A new report from the Pentagon says that climate change poses a threat to national security — multiplying risks from terrorism, infectious disease, and food and water shortages. The bottom line? There may be a greater need for military response to disasters, as the changing weather creates new catastrophes.
The Pentagon isn't the only one that's concerned. Earlier this month, the British Medical Journal called on the World Health Organization to declare a public health emergency, based on a projected 250,000 additional deaths from 2030 and 2050. Today's report from the Pentagon suggests ways for the military to respond to rising sea levels, as well as extreme weather such as violent storms or droughts. There are no specific budget recommendations in it, however.
Climate change may cause large-scale migrations of people away from areas affected by drought or heavy weather. That could give rise to more terrorist threats, Marcus King, an expert on climate change at George Washington University, told The New York Times. He suggested that climate change may have played a role in the rise of the Islamic State.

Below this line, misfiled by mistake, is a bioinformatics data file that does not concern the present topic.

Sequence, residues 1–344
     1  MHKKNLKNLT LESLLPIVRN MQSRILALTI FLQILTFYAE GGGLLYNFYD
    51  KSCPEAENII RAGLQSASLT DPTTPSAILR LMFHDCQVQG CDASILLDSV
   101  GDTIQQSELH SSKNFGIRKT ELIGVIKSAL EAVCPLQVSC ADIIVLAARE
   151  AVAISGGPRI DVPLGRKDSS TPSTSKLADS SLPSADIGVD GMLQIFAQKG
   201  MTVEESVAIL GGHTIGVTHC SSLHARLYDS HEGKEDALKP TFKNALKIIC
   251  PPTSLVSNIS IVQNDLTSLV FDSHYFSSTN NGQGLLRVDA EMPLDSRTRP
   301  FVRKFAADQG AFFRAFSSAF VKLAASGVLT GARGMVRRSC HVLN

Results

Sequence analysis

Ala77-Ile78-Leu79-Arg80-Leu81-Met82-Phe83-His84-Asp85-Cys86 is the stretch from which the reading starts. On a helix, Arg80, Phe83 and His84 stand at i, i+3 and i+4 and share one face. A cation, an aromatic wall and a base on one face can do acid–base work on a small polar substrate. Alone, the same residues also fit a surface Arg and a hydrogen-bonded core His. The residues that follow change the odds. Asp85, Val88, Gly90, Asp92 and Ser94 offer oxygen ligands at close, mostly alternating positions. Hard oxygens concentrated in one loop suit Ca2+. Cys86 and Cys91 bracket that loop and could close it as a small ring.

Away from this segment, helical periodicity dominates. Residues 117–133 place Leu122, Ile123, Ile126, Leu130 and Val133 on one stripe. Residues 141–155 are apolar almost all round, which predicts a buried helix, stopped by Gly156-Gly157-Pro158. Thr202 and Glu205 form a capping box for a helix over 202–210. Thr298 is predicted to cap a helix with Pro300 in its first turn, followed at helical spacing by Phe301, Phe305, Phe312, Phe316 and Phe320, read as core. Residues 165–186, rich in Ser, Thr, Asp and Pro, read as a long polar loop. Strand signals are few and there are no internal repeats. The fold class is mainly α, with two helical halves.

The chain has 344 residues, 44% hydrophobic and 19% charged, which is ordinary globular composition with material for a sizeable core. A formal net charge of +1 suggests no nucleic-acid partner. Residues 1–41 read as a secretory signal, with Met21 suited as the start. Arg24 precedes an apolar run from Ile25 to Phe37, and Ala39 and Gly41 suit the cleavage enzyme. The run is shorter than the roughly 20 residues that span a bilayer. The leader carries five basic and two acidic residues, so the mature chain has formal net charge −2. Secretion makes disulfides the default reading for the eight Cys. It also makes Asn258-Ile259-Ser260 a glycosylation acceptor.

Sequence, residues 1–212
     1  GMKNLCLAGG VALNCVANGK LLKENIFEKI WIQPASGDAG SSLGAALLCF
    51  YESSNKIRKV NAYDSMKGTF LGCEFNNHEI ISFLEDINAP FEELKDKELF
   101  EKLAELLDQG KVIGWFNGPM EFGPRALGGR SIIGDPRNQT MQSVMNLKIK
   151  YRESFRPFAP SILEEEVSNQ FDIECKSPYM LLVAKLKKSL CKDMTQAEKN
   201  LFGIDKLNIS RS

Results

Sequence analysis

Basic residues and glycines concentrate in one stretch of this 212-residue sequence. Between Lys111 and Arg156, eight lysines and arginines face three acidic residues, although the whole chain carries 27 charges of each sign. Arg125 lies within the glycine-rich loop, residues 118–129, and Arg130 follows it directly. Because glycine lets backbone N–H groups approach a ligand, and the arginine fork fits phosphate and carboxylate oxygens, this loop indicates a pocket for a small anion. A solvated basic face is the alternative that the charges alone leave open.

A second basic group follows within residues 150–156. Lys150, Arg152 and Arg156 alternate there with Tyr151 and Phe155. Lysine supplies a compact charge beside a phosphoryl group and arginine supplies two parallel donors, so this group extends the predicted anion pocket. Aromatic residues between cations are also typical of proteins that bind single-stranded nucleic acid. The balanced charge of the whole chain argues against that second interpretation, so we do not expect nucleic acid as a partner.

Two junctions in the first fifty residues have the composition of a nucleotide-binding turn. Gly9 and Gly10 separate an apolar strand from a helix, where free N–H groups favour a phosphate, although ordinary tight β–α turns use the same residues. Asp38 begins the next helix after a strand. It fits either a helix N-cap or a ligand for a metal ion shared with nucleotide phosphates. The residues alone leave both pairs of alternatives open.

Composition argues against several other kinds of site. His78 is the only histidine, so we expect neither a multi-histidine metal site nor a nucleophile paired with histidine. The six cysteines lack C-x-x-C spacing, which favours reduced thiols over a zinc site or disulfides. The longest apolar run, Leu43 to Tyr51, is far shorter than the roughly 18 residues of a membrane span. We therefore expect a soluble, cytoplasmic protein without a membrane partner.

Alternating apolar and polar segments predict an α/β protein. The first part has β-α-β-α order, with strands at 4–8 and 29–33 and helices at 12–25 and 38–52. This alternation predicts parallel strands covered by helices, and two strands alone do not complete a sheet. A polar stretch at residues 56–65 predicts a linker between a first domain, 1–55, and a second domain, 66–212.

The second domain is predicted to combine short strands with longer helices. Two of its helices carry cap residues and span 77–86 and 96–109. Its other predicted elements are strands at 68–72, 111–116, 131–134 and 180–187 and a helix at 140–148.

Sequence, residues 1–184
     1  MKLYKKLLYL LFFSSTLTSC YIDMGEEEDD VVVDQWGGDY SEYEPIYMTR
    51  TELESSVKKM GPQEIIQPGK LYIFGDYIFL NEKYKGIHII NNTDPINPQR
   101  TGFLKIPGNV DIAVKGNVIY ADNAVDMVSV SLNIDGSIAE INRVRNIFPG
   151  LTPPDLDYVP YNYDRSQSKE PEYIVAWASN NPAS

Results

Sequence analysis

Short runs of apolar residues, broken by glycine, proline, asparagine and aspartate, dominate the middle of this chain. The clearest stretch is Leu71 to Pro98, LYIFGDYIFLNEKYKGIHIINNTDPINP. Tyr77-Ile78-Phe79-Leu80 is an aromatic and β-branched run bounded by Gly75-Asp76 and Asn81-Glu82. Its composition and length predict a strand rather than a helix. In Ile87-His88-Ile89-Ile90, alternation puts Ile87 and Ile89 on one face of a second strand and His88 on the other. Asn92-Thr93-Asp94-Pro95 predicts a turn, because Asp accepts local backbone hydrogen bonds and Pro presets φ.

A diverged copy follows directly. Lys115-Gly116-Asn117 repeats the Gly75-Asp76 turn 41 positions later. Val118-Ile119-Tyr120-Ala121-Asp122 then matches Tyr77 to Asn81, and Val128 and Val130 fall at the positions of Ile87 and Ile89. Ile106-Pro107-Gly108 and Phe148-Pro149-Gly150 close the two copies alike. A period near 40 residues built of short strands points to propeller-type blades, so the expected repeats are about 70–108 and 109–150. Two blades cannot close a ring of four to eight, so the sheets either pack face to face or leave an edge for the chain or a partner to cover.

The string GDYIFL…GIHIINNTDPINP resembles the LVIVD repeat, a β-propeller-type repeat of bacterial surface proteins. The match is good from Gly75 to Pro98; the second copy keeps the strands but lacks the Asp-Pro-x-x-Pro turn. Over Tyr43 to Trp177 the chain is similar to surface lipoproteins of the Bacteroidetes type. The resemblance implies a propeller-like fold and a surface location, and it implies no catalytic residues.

"Climate change and water shortages may have triggered the drought that caused farmers to relocate to Syrian cities and triggered situations where youth were more susceptible to joining extremist groups," King tells The New York Times. By seizing scarce water resources, the Islamic State has expanded its power, he said.